Category: Books

My New Book on Functional Programming

Functional programming is on the rise because it lets you write simpler, cleaner code, and its emphasis on immutability makes it ideal for maximizing the benefits of multiple cores and distributed solutions. So far nobody’s invented the perfect functional language—each has its unique strengths. In Functional Programming: A PragPub Anthology, you’ll investigate the philosophies, tools, and idioms of five different functional programming languages.

See how Swift, the development language for iOS, encourages you to build highly scalable apps using functional techniques like map and reduce. Discover how Scala allows you to transition gently but deeply into functional programming without losing the benefits of the JVM, while with Lisp-based Clojure, you can plunge fully into the functional style. Learn about advanced functional concepts in Haskell, a pure functional language making powerful use of the type system with type inference and type classes. And see how functional programming is becoming more elegant and friendly with Elixir, a new functional language built on the powerful Erlang base.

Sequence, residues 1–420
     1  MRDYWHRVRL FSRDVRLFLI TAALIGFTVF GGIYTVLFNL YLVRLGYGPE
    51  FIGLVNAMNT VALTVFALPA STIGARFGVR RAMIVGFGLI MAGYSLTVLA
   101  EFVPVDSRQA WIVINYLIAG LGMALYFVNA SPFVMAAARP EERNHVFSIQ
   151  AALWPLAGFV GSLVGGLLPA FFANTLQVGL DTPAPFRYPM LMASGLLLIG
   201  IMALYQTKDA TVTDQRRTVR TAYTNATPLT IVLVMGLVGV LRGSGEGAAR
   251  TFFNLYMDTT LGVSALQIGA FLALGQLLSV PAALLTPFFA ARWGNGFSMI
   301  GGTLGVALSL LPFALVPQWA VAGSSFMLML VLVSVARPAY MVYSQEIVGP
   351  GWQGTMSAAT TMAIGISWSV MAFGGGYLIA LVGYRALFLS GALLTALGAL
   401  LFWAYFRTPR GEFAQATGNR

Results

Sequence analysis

The industry has been embracing functional programming more and more, driven by the need for concurrency and parallelism. This collection of articles will lead you to mastering the functional approach to problem solving. So put on your explorer’s hat and prepare to be surprised. The goal of exploration is always discovery.

Here’s more about the book.

Currently Reading: 50 Foods

The premise is intriguing: just 50 foods. Why those 50, specifically? Are these the best of all foods? And what’s a food, anyway? Just something you can pick or kill? That would eliminate anything processed, like bread or wine or cheese.

Whatever criteria Edward Behr used for deciding what foods to include in this 400-page celebration of foods, their varieties, selection, preparation, storage, and enjoyment, he has produced a tantalizing and satisfying read. And part of the fun of reading the book is deciding where you agree with his selections and what foods you would add or delete.

One proof that this is an idiosyncratic selection is that, out of 50 foods, Behr has seen fit to include six different cheeses. Over ten percent of the foods here are cheeses. I’m not suggesting that there’s anything wrong with that.

Behr is the founder of the food magazine The Art of Eating.